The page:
He wants "a solution that works" for everybody, but he is really whining about his own potential crushing financial losses.  The 50-50 revenue share works for a delusional Ricketts because no fans in the stands means at 70 percent pay cut for players. If the media income is down by half or more, that means another 15 percent pay cut for the players.

The outside the ball club revenue has to have taken a major hit as Chicago shut down bars and most of the restaurants. Without Cub games, there is no influx of tourists and fans to his Wrigleyville properties. Closed businesses are going to fall behind on rental payments or go out of business.  The Ricketts created their own overdeveloped real estate bubble which burst when the season was suspended by the pandemic.

May 15, 2020


Apple's Steve Jobs once said that it is better not to be the first pioneer in a new market. It is better to be an innovative second player. The reason? The pioneer has to go through much trial and error, failures, private and public criticism for a first generation product released with flaws.Jobs was anal-retentive about his products working perfectly right out of the box. You can learn from others' mistakes.

Professional sports leagues are meeting constantly trying to figure out how to salvage part of their pandemic lost seasons. The networks, starved of new content, believe there is a huge pent-up demand from fans for live sports. The owners are gnawing their teeth to get their revenue streams back. The players are not getting paid which puts a financial strain on most of their families.

There are some league commissioners who want to "lead" the world back into the sunlight. Sports give people hope. They want bragging rights that their sport knows what is doing and doing it better.

But this is a tricky matter. Things are outside of EVERYONE's control: government, scientific, and private communities. At least 18 U.S. states have lock down orders in place which restricts any type of public gathering, including sports events. In hard hit states like New York, California and Illinois, 9 of the 30 baseball clubs (30 percent) are banned from playing games.

But baseball owners continue to make proposals to the players union to re-start the season. For two days, the parties have discussed the medical and logistics of re-opening camps and playing of games. Owners believe that they can acquire enough testing materials to have multiple player tests per week. (Critics said that would take away from critical need areas as the coronavirus continues to spread.) The issue about a player, coach, umpire or staff member testing positive is hard to grasp. The CDC states a positive test should quarantine the person for at least 14 days. Anyone with contact with the positive test subject should also be quarantined for two weeks. That means an entire team would be suspended. Some Euro soccer leagues think that they can get around the "contact" person rule by immediately testing everyone and only putting positives into isolation. But even then, it may be too late.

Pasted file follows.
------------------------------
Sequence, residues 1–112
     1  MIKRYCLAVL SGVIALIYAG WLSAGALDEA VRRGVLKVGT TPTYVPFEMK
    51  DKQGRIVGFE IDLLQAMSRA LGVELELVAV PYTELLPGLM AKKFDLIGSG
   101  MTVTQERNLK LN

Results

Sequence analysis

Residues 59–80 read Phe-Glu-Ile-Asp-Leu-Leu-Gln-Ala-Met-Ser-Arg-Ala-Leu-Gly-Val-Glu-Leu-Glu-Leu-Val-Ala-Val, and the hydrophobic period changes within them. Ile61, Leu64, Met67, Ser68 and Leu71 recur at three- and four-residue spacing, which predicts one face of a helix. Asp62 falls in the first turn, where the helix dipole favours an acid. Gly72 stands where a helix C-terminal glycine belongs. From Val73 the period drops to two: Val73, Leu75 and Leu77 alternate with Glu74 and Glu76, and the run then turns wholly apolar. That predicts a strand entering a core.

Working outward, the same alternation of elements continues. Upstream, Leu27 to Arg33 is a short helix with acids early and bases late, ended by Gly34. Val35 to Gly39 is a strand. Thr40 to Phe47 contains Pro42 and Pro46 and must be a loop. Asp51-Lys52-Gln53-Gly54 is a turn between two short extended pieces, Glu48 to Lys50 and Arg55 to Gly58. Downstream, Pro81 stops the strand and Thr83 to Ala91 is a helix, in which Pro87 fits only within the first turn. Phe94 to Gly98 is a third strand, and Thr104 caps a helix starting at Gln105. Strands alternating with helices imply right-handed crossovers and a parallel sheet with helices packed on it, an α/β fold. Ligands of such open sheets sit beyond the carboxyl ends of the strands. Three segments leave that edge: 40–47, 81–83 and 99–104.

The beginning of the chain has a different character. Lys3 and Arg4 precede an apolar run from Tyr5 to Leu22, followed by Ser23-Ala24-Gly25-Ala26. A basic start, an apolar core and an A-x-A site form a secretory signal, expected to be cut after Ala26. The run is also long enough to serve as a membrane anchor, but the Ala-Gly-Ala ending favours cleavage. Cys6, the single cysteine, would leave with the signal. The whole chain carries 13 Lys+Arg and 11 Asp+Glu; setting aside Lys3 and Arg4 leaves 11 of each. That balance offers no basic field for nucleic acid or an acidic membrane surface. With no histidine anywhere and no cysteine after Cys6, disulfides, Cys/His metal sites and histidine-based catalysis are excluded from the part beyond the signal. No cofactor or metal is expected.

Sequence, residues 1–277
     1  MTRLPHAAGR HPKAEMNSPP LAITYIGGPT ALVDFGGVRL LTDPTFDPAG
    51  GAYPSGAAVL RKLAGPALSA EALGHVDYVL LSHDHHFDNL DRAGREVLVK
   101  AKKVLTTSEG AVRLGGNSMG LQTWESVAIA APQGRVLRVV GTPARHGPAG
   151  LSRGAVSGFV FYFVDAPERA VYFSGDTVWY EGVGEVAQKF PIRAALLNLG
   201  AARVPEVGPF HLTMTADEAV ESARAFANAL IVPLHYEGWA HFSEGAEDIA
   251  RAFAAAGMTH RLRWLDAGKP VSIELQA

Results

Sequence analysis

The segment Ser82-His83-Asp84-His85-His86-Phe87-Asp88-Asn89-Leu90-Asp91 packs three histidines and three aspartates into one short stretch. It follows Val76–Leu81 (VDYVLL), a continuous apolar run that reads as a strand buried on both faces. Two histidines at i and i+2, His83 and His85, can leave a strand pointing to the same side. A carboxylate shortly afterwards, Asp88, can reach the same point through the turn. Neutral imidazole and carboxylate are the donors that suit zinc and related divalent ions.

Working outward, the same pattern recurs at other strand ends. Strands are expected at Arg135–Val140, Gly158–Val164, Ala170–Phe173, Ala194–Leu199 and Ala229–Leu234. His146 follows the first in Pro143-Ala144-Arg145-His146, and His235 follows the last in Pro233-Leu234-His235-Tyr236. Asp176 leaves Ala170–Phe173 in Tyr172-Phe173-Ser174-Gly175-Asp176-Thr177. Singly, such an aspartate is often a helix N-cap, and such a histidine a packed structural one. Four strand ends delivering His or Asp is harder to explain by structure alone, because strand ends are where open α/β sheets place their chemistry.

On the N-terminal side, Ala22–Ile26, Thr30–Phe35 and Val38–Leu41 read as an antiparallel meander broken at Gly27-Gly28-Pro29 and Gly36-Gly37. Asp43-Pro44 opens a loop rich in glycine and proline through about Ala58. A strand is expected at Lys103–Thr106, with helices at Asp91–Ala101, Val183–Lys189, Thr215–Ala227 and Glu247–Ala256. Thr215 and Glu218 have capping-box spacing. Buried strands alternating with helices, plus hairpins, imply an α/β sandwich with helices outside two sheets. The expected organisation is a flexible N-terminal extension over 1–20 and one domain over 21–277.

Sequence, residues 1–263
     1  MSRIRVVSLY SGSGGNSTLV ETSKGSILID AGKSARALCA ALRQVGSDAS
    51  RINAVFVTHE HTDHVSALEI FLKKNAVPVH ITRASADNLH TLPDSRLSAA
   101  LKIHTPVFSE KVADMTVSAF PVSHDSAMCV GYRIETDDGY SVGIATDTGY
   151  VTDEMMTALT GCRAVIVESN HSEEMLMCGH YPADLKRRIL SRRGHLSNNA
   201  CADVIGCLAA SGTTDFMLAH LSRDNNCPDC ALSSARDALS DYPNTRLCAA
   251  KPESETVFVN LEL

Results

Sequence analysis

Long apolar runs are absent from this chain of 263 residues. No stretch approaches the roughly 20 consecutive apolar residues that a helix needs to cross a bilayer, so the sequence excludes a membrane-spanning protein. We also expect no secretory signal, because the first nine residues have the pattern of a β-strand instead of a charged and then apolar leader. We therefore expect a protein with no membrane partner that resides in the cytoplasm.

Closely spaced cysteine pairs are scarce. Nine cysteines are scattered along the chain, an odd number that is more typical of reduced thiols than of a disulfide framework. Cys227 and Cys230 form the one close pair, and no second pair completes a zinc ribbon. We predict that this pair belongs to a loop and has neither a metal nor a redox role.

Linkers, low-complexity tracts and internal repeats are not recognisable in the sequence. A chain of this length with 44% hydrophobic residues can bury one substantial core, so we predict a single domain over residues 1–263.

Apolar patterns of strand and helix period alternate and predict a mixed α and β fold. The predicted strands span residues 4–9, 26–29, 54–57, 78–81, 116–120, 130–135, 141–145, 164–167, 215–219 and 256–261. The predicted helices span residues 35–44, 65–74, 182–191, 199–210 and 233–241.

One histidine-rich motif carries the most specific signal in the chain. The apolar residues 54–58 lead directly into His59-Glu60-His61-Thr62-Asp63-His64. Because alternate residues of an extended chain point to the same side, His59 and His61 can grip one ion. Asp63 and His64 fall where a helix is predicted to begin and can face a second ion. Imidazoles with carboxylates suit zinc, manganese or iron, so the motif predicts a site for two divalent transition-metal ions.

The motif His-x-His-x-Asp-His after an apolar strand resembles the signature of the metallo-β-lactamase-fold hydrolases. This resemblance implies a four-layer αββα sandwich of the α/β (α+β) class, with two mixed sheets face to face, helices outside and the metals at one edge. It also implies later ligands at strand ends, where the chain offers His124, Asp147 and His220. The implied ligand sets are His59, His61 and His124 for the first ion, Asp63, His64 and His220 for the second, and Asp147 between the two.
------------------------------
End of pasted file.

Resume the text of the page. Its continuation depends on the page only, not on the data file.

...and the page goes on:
Stanford did a study of 5,200 baseball personnel. It found that 0.7 percent infection rate. However, the reports did not state when the tests were done and what the average was at the time of testing. Massive outbreaks in NYC and Chicago have changed the numbers. U.S. officials have been saying that the nation has not reached "the peak," and that there will be a second wave later in the year.

Several players have been vocal about "risking their lives" to play under such conditions (including a biosphere proposal where the players would be isolated from their families.) Further insult to players, owners want to change the fundamental guaranteed contract structure to a 2020 "revenue sharing" plan. Players are already taking a prorated pay cut. If there is no revenue, the players get half of nothing.

But there will be players who want to play. And there will be players who will refuse to play. If the season opens and a player refuses to report, what would happen? In the past, the player would be suspended without pay. But in this case, would owners try to void the players entire contract (to rid themselves of long term dead money?)

The NBA shut down quickly after one player tested positive. Pro basketball is a contact sport. The court is small. The virus could spread quickly through teams and staff. But the NBA is thinking of ending its season with a large, confined to one location, super-tournament.

An unemployed person who is struggling to make ends meet may wonder why sports leagues are so hell bent on returning to action when the national economy is falling apart. Simple: money. There is no income without games. Some teams, like the Mets, have been for years in a financial mess. There is a possibility that many teams could face bankruptcy.

South Korea had 10 straight days of no new domestic virus cases. It had done so well in early testing, on a massive scale, quarantine outbreaks and voluntary isolation that it has a very low fatality rate. But last weekend, one man went clubbing in Itaewon. He later tested positive. He may have infected 800 or more people. Based on the fatality rate, 20 people could die from this weekend party time. As a result, South Korea has re-closed its bars and restaurants.